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Personelle Today

mei 15, 2024


Graduate visa review finds benefits for skilled worker recruitment

The Home Office should retain the graduate visa route in its current form, the Migration Advisory Committee (MAC) has recommended, as it offers overseas nationals who graduated from UK universities an opportunity to build work experience and progress into higher-paying, skilled jobs.


The MAC was asked by the government to conduct a rapid review of the graduate visa route, considering whether it facilitated any abuse of the UK’s immigration rules and whether it undermined the integrity of the UK’s higher education system.


The graduate visa permits international students to stay in the UK for at least two years after completing a course at a UK university.


The report finds that 50% of people who arrived in the UK on a graduate visa between July and December 2021, who have now seen their graduate visa expire, switched to either a work visa or a student visa for further study.


Most of these (86%) found work that allowed them to be sponsored under the skilled worker visa route, while 1% obtained other worker visas and 13% took up student visas.


Interviews with graduate visa holders found some were hoping to be sponsored under the skilled worker route and had taken jobs they believed acted as a bridge to future sponsorship with the same employer, or would improve their chances of getting sponsored by another organisation. Most were optimistic about meeting the salary threshold.


The MAC found that claims made by the Home Office that the majority of graduate visa holders switching to the skilled worker route go into care work were incorrect. It found Home Office data showed that 40% go into professional occupations, 22% into associate professional and technical occupations, and 20% into care work roles.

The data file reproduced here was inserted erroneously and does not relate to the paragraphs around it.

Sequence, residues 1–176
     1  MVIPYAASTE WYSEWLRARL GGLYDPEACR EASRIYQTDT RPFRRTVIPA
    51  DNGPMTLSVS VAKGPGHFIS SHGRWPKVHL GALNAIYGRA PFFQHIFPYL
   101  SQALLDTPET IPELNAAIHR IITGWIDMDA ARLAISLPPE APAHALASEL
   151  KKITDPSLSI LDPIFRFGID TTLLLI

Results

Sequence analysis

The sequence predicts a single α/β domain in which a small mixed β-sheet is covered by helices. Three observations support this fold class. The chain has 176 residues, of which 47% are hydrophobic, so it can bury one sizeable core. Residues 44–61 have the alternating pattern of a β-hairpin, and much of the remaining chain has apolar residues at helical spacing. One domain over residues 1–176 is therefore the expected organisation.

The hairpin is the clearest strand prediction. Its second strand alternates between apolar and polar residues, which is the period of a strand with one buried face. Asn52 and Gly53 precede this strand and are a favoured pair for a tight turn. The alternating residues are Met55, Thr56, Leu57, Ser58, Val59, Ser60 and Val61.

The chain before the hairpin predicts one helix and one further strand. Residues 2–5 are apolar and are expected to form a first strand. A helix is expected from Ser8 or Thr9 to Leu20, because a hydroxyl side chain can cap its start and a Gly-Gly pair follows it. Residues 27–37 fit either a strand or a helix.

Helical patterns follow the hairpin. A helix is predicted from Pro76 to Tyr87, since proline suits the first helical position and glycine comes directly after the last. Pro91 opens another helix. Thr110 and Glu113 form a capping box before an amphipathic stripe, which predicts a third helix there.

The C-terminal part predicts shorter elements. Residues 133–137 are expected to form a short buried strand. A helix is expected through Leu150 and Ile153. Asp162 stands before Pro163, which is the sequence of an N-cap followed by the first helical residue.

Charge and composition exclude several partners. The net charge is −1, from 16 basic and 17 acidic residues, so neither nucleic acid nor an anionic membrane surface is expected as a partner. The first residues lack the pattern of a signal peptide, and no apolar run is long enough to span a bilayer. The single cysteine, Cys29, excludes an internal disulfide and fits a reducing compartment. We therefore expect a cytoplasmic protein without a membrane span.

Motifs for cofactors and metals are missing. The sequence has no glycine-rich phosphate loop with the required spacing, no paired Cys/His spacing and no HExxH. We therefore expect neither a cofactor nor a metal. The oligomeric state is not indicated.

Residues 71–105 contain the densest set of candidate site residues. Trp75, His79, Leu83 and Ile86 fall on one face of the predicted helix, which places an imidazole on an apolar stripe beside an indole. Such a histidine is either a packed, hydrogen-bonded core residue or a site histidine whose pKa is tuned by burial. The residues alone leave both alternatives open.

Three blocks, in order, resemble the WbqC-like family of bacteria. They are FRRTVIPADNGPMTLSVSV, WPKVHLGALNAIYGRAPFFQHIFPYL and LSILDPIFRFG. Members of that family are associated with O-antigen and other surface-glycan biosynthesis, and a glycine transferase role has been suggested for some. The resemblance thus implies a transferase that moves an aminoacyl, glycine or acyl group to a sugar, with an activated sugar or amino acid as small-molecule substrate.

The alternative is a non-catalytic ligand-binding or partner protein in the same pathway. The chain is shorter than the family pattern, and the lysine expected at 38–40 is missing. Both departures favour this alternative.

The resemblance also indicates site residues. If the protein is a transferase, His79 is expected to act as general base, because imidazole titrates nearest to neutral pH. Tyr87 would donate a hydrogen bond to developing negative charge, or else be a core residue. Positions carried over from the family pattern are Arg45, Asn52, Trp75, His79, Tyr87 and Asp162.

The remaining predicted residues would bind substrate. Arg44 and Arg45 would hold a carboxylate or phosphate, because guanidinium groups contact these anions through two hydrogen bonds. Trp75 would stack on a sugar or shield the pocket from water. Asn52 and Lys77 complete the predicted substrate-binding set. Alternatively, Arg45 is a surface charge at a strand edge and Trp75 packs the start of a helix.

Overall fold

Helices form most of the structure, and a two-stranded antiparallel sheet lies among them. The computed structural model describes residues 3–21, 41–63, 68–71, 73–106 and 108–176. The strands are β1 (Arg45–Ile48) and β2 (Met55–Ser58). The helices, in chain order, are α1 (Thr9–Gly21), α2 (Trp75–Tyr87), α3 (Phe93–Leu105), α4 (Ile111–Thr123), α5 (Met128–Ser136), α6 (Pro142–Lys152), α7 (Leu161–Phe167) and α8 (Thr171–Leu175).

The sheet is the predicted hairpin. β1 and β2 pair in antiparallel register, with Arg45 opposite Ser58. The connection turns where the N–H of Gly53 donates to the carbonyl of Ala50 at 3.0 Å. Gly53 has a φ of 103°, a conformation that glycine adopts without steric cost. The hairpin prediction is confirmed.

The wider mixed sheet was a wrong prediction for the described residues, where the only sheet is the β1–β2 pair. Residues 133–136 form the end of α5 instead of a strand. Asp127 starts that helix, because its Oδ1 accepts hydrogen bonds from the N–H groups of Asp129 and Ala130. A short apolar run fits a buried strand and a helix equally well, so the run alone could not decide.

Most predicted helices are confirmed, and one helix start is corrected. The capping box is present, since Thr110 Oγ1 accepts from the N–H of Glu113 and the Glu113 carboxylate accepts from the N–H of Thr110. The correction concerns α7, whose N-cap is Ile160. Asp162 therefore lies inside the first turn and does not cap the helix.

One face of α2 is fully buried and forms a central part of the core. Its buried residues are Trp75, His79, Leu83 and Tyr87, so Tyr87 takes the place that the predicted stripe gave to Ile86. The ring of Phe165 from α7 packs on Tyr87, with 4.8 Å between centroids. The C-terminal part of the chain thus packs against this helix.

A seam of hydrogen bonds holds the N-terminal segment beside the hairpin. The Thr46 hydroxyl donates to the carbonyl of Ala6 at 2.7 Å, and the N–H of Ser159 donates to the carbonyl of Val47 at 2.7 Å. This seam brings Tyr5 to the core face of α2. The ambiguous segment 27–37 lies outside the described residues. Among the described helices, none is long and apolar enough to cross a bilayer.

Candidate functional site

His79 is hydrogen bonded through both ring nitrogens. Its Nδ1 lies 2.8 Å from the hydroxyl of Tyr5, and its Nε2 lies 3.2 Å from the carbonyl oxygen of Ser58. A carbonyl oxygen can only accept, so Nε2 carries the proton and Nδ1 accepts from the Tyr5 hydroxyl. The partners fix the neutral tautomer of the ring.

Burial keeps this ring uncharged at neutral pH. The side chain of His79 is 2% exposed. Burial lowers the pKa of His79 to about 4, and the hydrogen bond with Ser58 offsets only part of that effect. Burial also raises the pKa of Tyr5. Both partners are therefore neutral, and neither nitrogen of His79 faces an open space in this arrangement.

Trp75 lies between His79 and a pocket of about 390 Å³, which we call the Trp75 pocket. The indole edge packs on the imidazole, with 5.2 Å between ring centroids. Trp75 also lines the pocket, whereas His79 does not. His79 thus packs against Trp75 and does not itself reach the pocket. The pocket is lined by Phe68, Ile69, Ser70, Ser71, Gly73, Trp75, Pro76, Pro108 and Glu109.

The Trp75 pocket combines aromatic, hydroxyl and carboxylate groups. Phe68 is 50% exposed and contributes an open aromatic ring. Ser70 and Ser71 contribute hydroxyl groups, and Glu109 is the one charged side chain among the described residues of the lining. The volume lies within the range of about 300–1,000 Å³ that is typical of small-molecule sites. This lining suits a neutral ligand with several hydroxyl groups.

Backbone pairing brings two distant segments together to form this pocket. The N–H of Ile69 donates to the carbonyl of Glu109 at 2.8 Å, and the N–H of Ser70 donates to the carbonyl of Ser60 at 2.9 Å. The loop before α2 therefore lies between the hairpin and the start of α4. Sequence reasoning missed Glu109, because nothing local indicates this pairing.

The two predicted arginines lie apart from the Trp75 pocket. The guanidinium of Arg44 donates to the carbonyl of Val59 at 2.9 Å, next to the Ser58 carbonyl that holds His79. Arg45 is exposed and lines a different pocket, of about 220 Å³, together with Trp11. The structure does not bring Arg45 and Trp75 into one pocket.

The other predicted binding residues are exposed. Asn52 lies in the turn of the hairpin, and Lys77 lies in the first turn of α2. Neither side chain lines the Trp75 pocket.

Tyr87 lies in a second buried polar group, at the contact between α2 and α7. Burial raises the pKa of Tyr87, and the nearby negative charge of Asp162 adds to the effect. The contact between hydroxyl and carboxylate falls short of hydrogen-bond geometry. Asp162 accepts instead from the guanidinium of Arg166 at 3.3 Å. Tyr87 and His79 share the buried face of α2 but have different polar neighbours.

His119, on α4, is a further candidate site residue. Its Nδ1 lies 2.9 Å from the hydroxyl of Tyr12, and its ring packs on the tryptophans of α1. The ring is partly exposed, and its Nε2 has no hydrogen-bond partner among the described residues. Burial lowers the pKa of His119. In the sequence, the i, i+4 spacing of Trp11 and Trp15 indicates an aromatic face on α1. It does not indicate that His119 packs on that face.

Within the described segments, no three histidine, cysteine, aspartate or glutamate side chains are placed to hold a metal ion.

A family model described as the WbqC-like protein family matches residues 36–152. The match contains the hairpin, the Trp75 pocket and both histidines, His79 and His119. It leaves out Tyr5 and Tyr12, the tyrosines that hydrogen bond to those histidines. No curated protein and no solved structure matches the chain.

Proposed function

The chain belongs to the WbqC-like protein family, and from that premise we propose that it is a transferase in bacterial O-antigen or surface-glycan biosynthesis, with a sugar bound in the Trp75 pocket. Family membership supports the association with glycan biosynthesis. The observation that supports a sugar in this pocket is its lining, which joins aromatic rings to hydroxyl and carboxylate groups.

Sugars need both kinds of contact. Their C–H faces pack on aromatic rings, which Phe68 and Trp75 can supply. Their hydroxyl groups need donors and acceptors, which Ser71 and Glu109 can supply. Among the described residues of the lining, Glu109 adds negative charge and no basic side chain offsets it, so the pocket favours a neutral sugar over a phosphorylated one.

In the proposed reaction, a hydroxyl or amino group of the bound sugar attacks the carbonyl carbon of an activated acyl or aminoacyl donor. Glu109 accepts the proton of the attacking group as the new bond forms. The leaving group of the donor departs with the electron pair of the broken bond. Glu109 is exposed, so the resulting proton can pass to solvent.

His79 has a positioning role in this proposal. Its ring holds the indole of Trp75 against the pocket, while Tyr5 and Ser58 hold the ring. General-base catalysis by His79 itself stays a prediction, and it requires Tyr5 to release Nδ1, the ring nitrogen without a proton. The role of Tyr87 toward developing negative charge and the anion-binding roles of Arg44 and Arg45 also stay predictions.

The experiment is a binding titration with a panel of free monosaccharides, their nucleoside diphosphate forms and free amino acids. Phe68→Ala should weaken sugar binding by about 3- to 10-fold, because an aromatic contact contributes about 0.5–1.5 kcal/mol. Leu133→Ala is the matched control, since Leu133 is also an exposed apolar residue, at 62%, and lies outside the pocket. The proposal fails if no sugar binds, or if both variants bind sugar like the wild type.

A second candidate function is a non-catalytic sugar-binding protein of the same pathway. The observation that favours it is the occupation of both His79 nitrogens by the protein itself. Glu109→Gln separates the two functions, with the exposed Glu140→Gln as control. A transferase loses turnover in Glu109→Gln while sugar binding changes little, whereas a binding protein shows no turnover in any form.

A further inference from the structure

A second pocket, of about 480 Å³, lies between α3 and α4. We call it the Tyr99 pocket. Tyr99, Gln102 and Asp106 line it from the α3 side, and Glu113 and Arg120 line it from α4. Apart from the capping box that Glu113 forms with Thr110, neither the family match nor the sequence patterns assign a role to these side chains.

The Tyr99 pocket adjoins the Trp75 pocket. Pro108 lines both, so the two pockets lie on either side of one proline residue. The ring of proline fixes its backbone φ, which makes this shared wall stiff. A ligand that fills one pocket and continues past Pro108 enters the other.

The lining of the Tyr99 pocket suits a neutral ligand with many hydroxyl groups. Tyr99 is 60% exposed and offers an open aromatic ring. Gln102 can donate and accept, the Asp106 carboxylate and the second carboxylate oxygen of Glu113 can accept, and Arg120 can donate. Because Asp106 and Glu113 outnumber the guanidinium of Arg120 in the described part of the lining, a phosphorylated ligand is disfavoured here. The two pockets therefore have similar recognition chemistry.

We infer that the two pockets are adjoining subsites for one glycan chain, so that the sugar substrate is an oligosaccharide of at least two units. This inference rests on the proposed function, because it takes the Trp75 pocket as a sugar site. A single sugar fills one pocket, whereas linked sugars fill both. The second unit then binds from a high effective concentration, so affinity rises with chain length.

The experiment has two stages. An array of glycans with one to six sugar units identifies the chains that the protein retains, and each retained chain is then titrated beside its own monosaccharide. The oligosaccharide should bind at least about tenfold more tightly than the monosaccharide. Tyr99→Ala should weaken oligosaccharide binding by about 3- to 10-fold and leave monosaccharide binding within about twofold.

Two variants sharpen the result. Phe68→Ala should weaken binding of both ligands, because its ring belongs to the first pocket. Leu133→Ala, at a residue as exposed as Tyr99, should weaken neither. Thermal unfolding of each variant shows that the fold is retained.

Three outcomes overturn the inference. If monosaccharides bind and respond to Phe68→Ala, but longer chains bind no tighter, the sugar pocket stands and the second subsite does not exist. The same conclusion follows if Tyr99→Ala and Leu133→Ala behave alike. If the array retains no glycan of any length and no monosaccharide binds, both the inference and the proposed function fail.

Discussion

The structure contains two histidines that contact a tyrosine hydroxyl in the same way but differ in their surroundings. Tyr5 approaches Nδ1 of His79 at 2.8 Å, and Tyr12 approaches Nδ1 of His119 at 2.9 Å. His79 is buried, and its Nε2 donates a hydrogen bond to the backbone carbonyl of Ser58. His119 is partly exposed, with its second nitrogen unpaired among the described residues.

It noted that if the government is concerned about the proportion going into the care sector it should recognise that “the problem lies in the care sector rather than the international study sector”.


The report says: “Former students, and other migrants, do care work in the UK because this work is eligible for the skilled worker route and there is high demand for care workers at the low salary threshold. In the period for which we had data, most former students who moved into the skilled worker route to do care work moved into this route directly, rather than via the graduate route, and time on the graduate route reduces the likelihood of entering care work in the longer term, perhaps through gaining experience.”


It also found that those switching from the graduate to the skilled worker route are more likely to be working in London and the South East.


Sixty-one per cent of switchers to the skilled worker visa earned £30,000 or less, compared with 60% of domestic graduates.


It added that students who switch directly to the skilled worker visa, without having held a graduate visa, are more likely to be in lower-paid roles and occupations less traditionally associated with graduate employment.


In a letter to home secretary James Cleverly today, the MAC said it had not found any evidence of widespread abuse of the graduate route, and said the visa was broadly achieving its objectives.


The report highlights how important international graduates are for the UK economy, suggested Rosalind Gill, head of policy and engagement at the National Centre for Universities and Business.


“International students enrich the academic environment, fostering diverse perspectives and cultural exchange. Their presence not only enhances the learning experience for domestic students but also creates numerous networking and collaborative opportunities, preparing all students for success in an increasingly globalised world,” she said.


“The uncertainty caused by the government request for a review has already severely disrupted international student recruitment. To avoid further impact, the government must respond swiftly to confirm that no changes to the route will be made. This matters to universities but also to businesses because international students enrich the learning experience of domestic students and also support the UK workforce.”


John Foster, CBI chief policy and campaigns officer, said: “Studying at university is one of our biggest export successes. Attracting international students boosts local economies and losing competitiveness would put support for undergraduate teaching and innovation at risk.


“With the MAC finding that the graduate visa is achieving the government’s own policy objectives and is not being abused, it’s time to put its future beyond doubt and end this period of damaging speculation.”


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